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Realty Q&A: Heres what happens when you pay off mortgage (Market Watch)

Can you write an article on what takes place when a mortgage loan is paid off?

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Published: Sept 25, 2009 8:01 a.m

ET Share .st0{fill:#FFFFFF;} .st1{fill:#E12828;} .st2{fill:#FAEAEA;enable-background:new ;} .st3{fill:#FAD4D4;enable-background:new ;} Here's what should happen when you pay off your mortgage window.videoDomain = ''; By LewSichelman WASHINGTON (MarketWatch) -- Question: Can you write an article on what takes place when a mortgage loan is paid off? A lot of baby boomers may be interested

I had a $5,000 balance when my loan was transferred and it was paid off in June

All I received from the mortgage company was a letter saying that the loan was paid off and that the letter served as proof of that fact

Shouldn't a deed or title be exchanged and should it have to be recorded with the county in which you reside? Answer: Here's what should happen, and I stress the word "should" because who knows what has been lost in the transfer of the mortgage from one lender to another -- and perhaps even another lender you don't know about: When a loan is paid in full, the lender should return your original mortgage and note, along with a document known as a "Satisfaction of Mortgage," or as the lawyers like to call it, the "satisfaction piece." This document is much like the notice auto dealers stamp on car titles when your car loan is paid off, except that whereas the lender's rubber-stamp statement is proof enough for the DMV that the lien has been satisfied, a mortgage satisfaction is a legal document that should be filed at the county courthouse

Otherwise, title companies will be unable to verify that you own your place free-and-clear

And if they can't do that, they won't issue a clear title when you try to sell the joint

That may seem like the buyer's problem, but it's yours too

In many cases, subsequent lenders won't close if there is a quirk in the title

Consequently, your sale can be held up for as long as it takes to clear the air, and that can take quite a while

In some cases, according to title attorneys, sellers have actually had to sue their lenders to prove that they've paid in full

And every once in a while the original lender is no longer in business so the verification is doubly complicated

The next step is to make sure the satisfaction has been filed with the recorder's office

Some lenders file the notice on behalf of their borrowers, but others leave that up to you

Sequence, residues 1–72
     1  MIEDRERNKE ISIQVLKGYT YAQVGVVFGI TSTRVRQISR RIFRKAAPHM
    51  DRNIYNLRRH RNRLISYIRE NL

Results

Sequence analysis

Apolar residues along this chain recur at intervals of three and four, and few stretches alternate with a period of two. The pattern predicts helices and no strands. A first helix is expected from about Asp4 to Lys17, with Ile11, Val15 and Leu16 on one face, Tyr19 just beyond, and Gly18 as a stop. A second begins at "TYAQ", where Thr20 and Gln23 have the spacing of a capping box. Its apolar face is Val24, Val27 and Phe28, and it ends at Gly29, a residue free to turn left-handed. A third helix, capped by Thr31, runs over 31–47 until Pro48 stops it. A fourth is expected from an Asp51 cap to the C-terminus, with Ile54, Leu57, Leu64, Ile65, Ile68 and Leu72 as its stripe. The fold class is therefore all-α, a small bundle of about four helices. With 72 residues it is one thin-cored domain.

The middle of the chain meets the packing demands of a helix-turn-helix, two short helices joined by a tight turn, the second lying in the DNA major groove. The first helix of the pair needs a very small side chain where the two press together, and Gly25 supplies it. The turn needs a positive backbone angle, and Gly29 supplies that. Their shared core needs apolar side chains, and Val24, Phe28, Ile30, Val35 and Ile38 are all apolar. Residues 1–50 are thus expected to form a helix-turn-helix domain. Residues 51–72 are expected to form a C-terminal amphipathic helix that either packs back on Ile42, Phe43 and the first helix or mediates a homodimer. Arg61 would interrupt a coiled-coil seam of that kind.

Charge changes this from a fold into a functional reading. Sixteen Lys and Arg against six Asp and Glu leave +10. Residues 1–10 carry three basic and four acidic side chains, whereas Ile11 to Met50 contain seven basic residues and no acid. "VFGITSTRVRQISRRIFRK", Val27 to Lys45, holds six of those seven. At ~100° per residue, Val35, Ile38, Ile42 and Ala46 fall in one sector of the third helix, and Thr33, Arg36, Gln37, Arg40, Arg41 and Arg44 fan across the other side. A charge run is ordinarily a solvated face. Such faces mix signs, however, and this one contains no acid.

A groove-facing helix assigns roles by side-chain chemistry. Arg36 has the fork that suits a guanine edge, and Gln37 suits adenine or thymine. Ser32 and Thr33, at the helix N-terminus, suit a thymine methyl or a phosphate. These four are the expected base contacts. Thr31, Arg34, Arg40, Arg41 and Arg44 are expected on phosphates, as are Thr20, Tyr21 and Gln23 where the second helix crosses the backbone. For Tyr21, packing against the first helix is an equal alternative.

If yours is in the do-it-yourself category, hand-carry the satisfaction notice to the recorder's office -- in some jurisdictions, that's the registrar of deeds -- so it can be recorded for posterity

And whether the lender presents the satisfaction or you do, make sure to get back the original document with the filing date and time stamped and noted on it

I don't know what happened along the way in your case, but the bottom line is to be absolutely sure the recorder's office in your town has it on file that there is no longer a mortgage lien against your property

Q: I am wondering if the $8,000 tax credit applies for the purchase of a two-to-four unit dwelling, where a buyer (who meets all of the qualifying criteria) moves in one of the units as his primary residence and rents the others

A: Yes, you may qualify for the credit for the dwelling unit that you use as your principal residence

But determining the exact amount is a little tricky because you must allocate the purchase price between all the units

You cannot use the entire purchase price of the building to determine the amount of the credit

Since the credit is 10% of the purchase price, up to $8,000, the 10% applies to the prorated share of your residence

For example, if a first-time buyer lives in one unit in a four-unit building which cost $400,000, then the cost of the owner's unit for purposes of the tax credit is $100,000

Ten percent of that is $10,000, which is above the maximum, so the claim is only an $8,000 credit

If the building cost just $200,000, though, the cost of one unit would be considered to be $50,000, and the credit would be only $5,000

Feedback John Zolidis of the Buckingham Research Group in New York City thinks I created confusion regarding the first-time home buyer tax credit -- as opposed to clearing it up -- because I failed to mention that there is an income limit on claiming the write-off

Perhaps so, but I cannot repeat the same information over and over and over again

Still, since the limit is important, here's a brief explanation: Home buyers who file as single or head-of-household taxpayers can claim the full $8,000 credit if their modified adjusted gross income (MAGI) is less than $75,000

For married couples filing a joint return, the income limit doubles to $150,000

Single or head-of-household taxpayers who earn between $75,000 and $95,000 are eligible to receive a partial first-time home buyer tax credit

Married couples who earn between $150,000 and $170,000 are eligible to receive a partial first-time home buyer tax credit

The credit is not available for single taxpayers whose MAGI is greater than $95,000 and married couples with a MAGI that exceeds $170,000

For a more detailed discussion, I suggest readers go to and scroll through the frequently asked questions section

Nationally syndicated columnist Lew Sichelman has been covering the housing market for more than 35 years

Because of the volume of mail he receives, he cannot answer individual questions, nor can all questions be answered in this space

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